Hornsby has something for everyone, from quiet leafy streets lined with spacious family homes to chic contemporary apartment living.
With top schools, ultra-convenient shopping and amenities and excellent transport links all nestled in a bushland setting, it’s little wonder Hornsby is on the up.
Hornsby’s first inhabitants were Indigenous people from the Dharug language group.
Following colonial settlement, the area was known by various names, but it was the capture of two bushrangers that led to the name Hornsby. In 1830 Constables John Thorn and Samuel Horne were awarded land grants after they captured bushranger John McNamara and his accomplice on the Windsor Road. Constable Thorn’s land became known as Thornleigh, and a village soon sprang up on Constable Horne’s land, known as Hornsby Place.
Timber-getting and farming were the area’s first industries before a blue metal and gravel quarry was established in 1906 in Old Man’s Valley. There was also a sawmill in Jersey Street, Fowler’s Pottery supplying the building and industrial trades, and a pipe works at Asquith.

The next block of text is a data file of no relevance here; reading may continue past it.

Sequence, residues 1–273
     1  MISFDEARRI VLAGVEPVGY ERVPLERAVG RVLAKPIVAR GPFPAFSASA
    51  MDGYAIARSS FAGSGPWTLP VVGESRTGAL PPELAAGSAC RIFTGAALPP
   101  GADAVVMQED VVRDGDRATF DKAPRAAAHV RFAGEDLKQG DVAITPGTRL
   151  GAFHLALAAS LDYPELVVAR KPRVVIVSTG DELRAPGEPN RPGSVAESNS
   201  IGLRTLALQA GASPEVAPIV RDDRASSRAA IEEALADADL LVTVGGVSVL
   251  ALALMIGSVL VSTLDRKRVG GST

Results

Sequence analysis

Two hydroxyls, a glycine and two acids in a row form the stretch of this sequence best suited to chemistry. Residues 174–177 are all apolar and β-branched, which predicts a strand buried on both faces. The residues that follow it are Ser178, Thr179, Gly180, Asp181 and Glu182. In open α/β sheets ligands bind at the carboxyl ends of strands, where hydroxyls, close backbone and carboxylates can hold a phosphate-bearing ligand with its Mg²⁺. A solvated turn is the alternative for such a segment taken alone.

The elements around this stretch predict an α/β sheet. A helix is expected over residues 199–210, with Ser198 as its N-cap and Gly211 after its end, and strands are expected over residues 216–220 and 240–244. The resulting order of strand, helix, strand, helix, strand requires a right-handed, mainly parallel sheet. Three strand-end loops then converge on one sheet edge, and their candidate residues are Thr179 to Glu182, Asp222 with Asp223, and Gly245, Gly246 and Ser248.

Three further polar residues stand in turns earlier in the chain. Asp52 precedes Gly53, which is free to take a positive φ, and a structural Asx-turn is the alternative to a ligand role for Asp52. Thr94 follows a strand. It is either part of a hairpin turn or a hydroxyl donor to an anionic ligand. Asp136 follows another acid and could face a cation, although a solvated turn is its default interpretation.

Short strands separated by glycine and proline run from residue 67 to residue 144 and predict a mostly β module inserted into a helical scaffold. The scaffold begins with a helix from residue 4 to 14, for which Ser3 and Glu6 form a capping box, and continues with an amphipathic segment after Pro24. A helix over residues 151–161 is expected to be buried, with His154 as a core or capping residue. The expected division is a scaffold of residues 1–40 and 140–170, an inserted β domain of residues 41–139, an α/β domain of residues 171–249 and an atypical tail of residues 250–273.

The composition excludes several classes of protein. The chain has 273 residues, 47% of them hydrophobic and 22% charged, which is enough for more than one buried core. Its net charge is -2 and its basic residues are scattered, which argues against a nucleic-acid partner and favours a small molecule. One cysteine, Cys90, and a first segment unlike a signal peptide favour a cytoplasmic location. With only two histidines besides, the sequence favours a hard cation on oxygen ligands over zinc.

The area’s first school opened in a tent behind Hookham’s Corner in 1883. The train station opened in 1886, followed by a telephone exchange in 1897. The Hornsby Shire Council was established in 1906, and electricity came to the area in 1923 – 24. Hornsby Girls High School was founded in 1930 and Hornsby Hospital in 1933 as the population continued to grow.
The area is home to some exquisite heritage-listed Federation homes, including Mount Errington on Rosemead Road and Mount Wilga on Manor Road. The carefully restored Old Man’s Valley Cemetery, built between 1879 and 1931 off Quarry Road, is also listed on the State Heritage Register.